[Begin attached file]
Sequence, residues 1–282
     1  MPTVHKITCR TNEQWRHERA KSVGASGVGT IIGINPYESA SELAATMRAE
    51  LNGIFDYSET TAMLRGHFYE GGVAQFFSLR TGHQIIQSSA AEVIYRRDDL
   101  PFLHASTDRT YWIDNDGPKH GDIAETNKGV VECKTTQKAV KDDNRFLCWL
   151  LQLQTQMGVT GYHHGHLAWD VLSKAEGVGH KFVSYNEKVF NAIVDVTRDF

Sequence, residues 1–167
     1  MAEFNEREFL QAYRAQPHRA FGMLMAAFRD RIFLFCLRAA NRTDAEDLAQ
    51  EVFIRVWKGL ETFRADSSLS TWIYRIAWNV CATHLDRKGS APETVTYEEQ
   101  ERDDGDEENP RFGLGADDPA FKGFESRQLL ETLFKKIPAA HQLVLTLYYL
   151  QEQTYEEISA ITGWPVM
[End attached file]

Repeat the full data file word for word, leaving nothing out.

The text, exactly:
Sequence, residues 1–282
     1  MPTVHKITCR TNEQWRHERA KSVGASGVGT IIGINPYESA SELAATMRAE
    51  LNGIFDYSET TAMLRGHFYE GGVAQFFSLR TGHQIIQSSA AEVIYRRDDL
   101  PFLHASTDRT YWIDNDGPKH GDIAETNKGV VECKTTQKAV KDDNRFLCWL
   151  LQLQTQMGVT GYHHGHLAWD VLSKAEGVGH KFVSYNEKVF NAIVDVTRDF

Sequence, residues 1–167
     1  MAEFNEREFL QAYRAQPHRA FGMLMAAFRD RIFLFCLRAA NRTDAEDLAQ
    51  EVFIRVWKGL ETFRADSSLS TWIYRIAWNV CATHLDRKGS APETVTYEEQ
   101  ERDDGDEENP RFGLGADDPA FKGFESRQLL ETLFKKIPAA HQLVLTLYYL
   151  QEQTYEEISA ITGWPVM